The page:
In the mornings I slept in a bathroom stall, waking in a panic to numb legs. During meetings I jabbed a pencil into my thigh to keep from nodding off. I cut passive verbs from proposals, failed to take initiative. At five o’clock, I rolled a joint in the same stall, stuffed my shirt in my backpack, and walked from Harvard Square to Fenway.

By Central Square the shame of my nepotism fell away. By the Harvard Bridge I discovered again my love for the city, the skyline stretching across the Charles River from the white spindles of the Zakim Bridge to the glowing beacon of the Citgo Sign. I smoked the joint across the bridge, pressed to the limit of my skin. Boston nurtured my inertia. Pride in your city if not pride in yourself. Pride in losing and then losing again.  I scalped tickets for the bleachers, drank ballpark beer, and got loud.

In game 7 of the 2003 ALCS, Pedro against Clemens, my high school boys posted up at Boston Billiards a block from Fenway. We’d watched the Red Sox beat Oakland in the ALDS there. Sensitive to the vagaries of mojo, we returned throughout the Yankee-Red Sox series.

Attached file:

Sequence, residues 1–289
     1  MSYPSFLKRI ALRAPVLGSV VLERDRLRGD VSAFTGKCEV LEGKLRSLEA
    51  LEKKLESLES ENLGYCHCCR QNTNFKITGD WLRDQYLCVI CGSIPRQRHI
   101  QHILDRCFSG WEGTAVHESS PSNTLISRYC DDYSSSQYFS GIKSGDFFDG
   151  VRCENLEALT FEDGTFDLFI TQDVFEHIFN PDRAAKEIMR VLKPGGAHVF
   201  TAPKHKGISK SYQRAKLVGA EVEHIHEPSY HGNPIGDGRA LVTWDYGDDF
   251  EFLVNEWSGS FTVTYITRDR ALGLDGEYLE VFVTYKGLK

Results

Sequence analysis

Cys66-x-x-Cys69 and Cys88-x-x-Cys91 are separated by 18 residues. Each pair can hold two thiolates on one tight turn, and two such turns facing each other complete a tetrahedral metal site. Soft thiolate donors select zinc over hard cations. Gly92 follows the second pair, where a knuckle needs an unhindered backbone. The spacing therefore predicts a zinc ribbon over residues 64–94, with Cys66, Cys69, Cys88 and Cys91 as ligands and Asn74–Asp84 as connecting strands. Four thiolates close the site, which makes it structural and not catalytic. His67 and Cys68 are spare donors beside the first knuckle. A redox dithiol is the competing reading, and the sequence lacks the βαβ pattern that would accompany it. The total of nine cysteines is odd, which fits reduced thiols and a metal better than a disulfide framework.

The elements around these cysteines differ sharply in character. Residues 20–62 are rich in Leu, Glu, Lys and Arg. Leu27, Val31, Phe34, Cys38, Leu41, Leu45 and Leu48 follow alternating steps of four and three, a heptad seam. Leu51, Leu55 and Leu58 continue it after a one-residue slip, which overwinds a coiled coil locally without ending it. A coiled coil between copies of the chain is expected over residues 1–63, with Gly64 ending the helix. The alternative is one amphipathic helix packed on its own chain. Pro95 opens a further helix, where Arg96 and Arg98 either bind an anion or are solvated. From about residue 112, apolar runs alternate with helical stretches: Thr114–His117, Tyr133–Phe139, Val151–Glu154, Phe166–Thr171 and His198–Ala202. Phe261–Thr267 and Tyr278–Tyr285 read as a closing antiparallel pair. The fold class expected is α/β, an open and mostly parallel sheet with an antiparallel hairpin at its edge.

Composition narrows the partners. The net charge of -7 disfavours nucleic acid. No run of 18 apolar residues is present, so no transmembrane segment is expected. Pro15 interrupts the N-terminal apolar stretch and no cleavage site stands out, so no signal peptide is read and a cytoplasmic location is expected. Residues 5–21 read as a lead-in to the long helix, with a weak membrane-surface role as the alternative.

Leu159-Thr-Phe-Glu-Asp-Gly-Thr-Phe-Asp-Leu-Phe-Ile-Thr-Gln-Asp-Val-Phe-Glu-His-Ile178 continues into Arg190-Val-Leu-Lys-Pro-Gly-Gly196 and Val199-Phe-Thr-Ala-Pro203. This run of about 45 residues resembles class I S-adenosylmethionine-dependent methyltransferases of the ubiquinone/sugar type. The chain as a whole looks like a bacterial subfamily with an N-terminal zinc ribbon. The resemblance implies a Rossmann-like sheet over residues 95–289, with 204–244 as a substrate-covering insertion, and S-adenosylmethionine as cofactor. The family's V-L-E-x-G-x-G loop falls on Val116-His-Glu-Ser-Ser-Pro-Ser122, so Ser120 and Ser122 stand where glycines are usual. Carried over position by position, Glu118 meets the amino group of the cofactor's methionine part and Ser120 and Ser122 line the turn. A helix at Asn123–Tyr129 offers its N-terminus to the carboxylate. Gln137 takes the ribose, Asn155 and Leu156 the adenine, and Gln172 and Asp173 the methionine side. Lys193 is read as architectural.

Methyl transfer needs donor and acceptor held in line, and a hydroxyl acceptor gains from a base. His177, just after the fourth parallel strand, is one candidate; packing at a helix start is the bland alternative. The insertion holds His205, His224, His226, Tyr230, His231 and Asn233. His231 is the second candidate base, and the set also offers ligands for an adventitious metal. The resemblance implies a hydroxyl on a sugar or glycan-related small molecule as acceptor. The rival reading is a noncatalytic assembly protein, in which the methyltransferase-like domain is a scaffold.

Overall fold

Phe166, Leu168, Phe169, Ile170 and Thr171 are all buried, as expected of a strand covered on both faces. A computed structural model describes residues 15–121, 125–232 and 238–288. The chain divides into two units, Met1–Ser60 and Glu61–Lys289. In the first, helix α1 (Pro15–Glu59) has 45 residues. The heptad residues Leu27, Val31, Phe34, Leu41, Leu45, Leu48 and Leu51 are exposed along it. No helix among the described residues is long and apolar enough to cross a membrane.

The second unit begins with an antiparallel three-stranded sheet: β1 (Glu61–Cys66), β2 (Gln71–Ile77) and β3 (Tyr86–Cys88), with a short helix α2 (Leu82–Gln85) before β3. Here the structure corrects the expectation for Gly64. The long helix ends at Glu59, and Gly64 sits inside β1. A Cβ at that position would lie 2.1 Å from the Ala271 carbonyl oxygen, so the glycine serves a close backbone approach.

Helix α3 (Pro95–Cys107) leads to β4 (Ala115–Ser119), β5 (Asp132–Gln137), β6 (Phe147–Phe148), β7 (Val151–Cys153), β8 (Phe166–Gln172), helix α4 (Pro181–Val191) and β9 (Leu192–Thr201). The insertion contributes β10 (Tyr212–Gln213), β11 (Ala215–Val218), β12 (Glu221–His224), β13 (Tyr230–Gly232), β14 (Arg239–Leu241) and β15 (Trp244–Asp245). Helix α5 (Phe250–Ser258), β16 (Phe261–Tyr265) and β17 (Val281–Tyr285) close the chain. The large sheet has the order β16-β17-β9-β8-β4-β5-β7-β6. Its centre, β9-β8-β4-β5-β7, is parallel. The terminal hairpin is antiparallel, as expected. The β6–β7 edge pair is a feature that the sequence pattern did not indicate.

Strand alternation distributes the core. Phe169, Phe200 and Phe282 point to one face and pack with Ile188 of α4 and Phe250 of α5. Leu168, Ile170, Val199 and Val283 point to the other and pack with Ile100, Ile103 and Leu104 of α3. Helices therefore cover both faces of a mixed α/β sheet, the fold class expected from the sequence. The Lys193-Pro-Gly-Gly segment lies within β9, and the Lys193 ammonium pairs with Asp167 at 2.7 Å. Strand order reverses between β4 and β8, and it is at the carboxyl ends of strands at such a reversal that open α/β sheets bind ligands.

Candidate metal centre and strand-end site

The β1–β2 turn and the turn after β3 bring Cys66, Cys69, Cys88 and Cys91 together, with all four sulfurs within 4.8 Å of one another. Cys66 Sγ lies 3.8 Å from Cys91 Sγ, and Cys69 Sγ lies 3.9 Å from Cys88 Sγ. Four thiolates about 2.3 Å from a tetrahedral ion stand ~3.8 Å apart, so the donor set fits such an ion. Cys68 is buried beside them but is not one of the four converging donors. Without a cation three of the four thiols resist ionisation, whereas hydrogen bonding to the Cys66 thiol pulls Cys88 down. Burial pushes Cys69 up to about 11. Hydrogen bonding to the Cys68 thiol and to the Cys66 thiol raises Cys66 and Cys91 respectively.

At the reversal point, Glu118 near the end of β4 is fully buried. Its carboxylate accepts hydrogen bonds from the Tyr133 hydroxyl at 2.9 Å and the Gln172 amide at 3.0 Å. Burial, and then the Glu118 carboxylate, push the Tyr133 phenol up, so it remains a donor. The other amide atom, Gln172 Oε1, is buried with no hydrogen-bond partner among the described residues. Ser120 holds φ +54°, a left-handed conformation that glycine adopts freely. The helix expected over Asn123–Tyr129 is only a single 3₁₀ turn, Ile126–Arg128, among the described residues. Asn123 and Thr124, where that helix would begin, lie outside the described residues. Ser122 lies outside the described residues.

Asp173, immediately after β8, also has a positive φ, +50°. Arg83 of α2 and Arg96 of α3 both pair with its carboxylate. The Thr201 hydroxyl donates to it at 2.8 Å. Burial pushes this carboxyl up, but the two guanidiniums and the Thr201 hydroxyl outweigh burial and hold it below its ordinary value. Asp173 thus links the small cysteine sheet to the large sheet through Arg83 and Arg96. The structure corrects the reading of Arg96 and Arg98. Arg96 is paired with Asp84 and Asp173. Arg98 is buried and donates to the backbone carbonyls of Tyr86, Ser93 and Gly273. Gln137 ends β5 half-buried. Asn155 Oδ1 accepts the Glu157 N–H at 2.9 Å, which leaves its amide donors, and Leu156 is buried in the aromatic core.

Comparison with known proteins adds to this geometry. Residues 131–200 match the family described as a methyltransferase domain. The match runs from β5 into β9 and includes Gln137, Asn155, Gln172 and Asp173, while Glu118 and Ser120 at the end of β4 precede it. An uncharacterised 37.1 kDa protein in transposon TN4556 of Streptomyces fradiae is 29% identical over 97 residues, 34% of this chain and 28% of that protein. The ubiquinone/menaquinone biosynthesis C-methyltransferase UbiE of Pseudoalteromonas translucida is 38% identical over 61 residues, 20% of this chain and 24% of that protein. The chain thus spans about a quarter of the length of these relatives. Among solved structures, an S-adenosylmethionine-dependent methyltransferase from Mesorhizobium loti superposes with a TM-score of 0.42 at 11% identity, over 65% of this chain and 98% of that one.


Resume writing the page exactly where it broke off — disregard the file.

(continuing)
The Sox knocked Clemens out by the fourth. In the eighth, Grady Little, for reasons forever mysterious, left an exhausted Pedro in beyond too long. We steeled ourselves for tragedy. When Aaron Boone launched a home run against Tim Wakefield into the left field stands at Yankee Stadium, my friend Barber, an old-school Brahmin in his good sense and reserve, lay underneath a pool table and cried. We drank in the basement of my friend Solomon’s parents’ house and beat each other with whiffle ball bats.

It’s easy fallacy to find personal allegory in sports, but the Red Sox failure augmented my own. It’s not just the cold of Boston winters, but the cold combined with the gray, weeks of brief daylight under constant cloud until it becomes impossible to imagine things might change. I spent hundreds on calling cards, talking for hours on my high school bed to Alison across the Atlantic. I slept in the bathroom stall.

 “Murphy,” she said, “I’m coming.”

Now I understand her bravery in launching from home with no return ticket. Then I only saw the grand gesture, an unbounded chance to live together. We got a place in Cambridge, spring heralding renewal, a palpable force in New England made manifest by hope. I still flailed at my unearned job, but Alison was with me. Boston barely contained the force of her. She embraced us, falling in love with bearded centerfielder Johnny Damon.

Into the summer, the Red Sox stagnated under the dominance of the Yankees. Rats took residence in the drop ceiling of our living room. Watching games on TV, we could hear them urinating, squealing in sprung traps above us. When dead rats in the traps brought hordes of flies, I swung at them with a whiffle bat, just missing Alison’s face. She screamed, “Murphy, you’re losing it.”